The Arminian can do this, and still use biblical language since Arminianism has always been quite successful in redefining the biblical terms, and because the whole Arminian scheme is not based upon the necessity of the satisfaction of God’s retributive justice, but upon God’s arbitrary decision to display his love and justice in the cross.  For the Arminian, if God can arbitrarily determine that the death of Christ satisfies God’s need for justice and displays his love, God can also arbitrarily determine that he will regard our exercise of faith as though it were righteousness.

For the Reformed Christian, the death of Christ is a necessity if any are to be saved, because God’s justice must be satisfied and our debt to him must be paid in full.  If we are to be regarded as righteous before him, we must have the guilt of our sin removed, and we must have a perfect righteousness imputed to us, so that when God acquits us, he does so because his justice is satisfied, and because the sinner can be truly called righteous because he or she possesses the righteousness of none other than Christ himself!

The Arminian system has no real need for an active obedience of Christ in fulfilling all righteousness during his earthly ministry.  This is why living the Christian life is popularly described in terms of using our free-will to follow in Jesus’ footsteps, and in “doing what Jesus would do.”  This view does not see the Christian life as a life lived in obedience to the law as a rule of gratitude, but Christians must do as Jesus did so as to continue on in the righteousness we have earned in order not to be lost eternally.

In crasser forms of the Arminian scheme, the life of Christ is primarily an example for us follow, and is not seen as the Reformed have understood it, namely as the mediator of the covenant of works, come to earth to fulfill all righteousness in his own perfect obedience to the Law, which is then reckoned to the sinner.  This also means that the Arminian has no real necessity of the passive obedience of Christ, wherein Jesus willingly offers himself up for our sins.  For the Arminian, the atonement is not effectual, but only provisory, and therefore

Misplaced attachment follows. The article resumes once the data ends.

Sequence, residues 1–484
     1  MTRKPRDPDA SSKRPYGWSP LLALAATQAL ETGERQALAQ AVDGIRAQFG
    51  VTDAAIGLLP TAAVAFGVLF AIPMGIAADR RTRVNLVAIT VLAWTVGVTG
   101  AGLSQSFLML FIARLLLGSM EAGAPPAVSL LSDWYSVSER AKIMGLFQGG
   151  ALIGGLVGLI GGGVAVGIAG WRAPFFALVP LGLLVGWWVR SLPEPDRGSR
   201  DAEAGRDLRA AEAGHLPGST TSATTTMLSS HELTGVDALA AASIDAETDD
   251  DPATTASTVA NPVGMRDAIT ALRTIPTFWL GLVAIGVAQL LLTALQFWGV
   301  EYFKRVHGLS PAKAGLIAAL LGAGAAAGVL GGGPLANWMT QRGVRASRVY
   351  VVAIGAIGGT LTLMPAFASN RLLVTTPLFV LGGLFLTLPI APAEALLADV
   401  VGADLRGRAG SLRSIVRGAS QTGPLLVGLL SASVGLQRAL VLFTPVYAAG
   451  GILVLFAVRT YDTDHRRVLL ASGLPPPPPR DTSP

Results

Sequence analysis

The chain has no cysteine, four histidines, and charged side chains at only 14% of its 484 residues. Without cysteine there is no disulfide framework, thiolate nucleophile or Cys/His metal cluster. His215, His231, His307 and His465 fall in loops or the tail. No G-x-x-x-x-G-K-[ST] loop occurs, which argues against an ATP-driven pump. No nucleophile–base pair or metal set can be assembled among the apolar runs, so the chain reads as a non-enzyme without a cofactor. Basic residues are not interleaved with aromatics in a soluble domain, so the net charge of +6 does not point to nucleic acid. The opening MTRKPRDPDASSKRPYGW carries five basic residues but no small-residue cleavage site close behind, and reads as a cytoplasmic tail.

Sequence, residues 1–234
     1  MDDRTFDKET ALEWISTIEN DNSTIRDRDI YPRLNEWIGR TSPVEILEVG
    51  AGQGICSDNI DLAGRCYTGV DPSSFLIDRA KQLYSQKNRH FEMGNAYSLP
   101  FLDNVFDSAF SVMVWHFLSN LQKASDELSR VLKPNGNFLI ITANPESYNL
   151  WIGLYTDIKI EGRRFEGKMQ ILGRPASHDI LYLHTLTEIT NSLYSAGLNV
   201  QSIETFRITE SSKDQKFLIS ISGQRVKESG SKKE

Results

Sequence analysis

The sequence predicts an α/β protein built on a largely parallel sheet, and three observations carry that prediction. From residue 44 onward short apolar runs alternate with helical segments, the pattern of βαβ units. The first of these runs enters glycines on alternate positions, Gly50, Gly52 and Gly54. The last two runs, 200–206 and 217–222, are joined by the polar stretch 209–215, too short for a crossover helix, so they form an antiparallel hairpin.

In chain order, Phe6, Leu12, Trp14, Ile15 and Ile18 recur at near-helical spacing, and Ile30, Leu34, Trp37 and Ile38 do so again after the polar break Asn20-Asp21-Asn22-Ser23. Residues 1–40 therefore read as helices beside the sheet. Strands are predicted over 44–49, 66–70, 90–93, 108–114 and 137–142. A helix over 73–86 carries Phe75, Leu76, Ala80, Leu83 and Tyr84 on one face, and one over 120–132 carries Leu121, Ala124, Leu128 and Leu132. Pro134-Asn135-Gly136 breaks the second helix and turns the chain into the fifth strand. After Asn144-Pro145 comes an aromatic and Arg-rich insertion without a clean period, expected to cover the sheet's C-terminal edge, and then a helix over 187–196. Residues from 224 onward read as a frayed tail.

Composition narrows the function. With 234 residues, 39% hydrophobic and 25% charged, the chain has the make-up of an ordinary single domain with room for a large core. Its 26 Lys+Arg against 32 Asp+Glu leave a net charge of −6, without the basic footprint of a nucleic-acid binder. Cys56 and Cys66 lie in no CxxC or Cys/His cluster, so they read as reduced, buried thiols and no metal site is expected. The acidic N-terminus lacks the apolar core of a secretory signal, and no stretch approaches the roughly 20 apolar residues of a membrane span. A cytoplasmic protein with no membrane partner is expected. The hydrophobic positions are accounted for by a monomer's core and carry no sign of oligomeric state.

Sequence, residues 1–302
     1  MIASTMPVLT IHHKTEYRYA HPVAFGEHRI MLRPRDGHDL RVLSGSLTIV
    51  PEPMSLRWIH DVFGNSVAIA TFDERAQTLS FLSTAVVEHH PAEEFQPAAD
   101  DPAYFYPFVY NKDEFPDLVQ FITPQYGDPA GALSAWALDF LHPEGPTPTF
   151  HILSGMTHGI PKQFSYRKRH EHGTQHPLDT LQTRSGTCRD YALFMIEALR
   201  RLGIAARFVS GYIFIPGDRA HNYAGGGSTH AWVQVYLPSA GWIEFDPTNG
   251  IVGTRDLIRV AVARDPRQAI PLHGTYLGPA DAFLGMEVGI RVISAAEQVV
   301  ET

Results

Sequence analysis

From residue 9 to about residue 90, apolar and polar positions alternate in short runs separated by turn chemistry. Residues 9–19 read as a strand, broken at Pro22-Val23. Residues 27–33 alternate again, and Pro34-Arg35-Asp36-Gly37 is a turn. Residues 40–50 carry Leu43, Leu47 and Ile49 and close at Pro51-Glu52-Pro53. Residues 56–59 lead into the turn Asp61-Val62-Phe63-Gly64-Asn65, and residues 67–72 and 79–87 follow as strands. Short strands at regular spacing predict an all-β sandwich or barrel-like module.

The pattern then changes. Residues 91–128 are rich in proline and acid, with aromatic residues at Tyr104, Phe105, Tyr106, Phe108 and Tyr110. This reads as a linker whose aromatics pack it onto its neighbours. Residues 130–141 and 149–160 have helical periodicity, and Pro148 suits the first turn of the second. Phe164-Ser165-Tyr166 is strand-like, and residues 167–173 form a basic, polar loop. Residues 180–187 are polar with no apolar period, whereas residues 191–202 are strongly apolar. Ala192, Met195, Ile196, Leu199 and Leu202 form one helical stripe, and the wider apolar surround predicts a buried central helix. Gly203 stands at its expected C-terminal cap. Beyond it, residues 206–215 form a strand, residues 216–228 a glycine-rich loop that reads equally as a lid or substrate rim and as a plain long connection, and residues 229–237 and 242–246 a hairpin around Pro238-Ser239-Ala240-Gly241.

not necessary, but arbitrary.  We really are talking about two distinct religious systems here, and these two can mix as little as fire and water.

When evangelicals talk about being a “four-point” Calvinist, or even worse, when they identify themselves as “Calminian,” it is clear that they have never thought about these matters in a systematic, or comprehensive way. The Reformed starting point (today depravity) leads to a system in which it is sovereign grace which necessarily saves from beginning to end.  If your fundamental assumption is that you must begin with human freedom–as it is in Arminianism–synergism is the necessary outcome.

The Reformed are quite correct to remind the Arminian that this teaching does indeed “contradict Scripture.”  For the bible declares that men and women “are justified freely by his grace through the redemption that came by Jesus Christ, whom God presented as a sacrifice of atonement, through faith in his blood (Rom. 3:24-25). And along with the ungodly Socinus, they introduce a new and foreign justification of man before God, against the consensus of the whole church.”

Reader Comments (2)

How American Evangelicals can have this view of faith and justification in spite of Paul's clear teaching that faith itself is a gift from God (some of which was just covered by that sermon you posted on Rom. 12) is beyond me. But they certainly do. I have to hear it every week and it makes me nuts ... well, make that *more* nuts ...
November 20, 2008 | Unregistered CommenterGeorge
It continues to amaze me how I could go through a "seminary education" and never hear about these sorts of things!
November 21, 2008 | Unregistered CommenterPB